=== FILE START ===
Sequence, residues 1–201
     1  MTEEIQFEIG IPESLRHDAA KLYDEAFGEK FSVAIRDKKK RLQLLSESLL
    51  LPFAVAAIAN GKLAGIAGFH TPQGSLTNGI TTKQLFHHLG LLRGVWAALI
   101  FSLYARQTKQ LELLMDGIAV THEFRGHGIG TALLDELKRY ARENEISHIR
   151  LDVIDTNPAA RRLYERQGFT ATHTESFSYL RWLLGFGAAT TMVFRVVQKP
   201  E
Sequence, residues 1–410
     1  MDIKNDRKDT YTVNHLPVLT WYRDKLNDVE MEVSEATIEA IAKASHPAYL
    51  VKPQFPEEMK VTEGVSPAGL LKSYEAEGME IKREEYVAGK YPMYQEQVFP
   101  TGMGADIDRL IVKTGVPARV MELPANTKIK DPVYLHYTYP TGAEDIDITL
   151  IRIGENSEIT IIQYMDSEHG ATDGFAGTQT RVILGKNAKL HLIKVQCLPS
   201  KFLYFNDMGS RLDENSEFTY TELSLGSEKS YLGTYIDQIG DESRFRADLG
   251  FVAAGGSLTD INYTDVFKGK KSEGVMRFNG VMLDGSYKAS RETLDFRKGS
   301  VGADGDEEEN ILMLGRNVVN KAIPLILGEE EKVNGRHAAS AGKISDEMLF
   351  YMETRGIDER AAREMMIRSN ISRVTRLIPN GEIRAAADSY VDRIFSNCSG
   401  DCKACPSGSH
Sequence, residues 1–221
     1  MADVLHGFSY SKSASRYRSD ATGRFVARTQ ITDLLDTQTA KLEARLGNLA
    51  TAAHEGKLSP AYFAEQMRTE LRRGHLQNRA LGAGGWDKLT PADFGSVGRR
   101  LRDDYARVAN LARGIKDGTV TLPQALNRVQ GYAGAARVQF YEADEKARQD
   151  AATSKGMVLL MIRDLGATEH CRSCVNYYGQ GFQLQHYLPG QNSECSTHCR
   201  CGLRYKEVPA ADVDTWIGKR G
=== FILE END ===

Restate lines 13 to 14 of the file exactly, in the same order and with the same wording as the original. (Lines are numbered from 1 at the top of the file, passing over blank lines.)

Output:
   251  FVAAGGSLTD INYTDVFKGK KSEGVMRFNG VMLDGSYKAS RETLDFRKGS
   301  VGADGDEEEN ILMLGRNVVN KAIPLILGEE EKVNGRHAAS AGKISDEMLF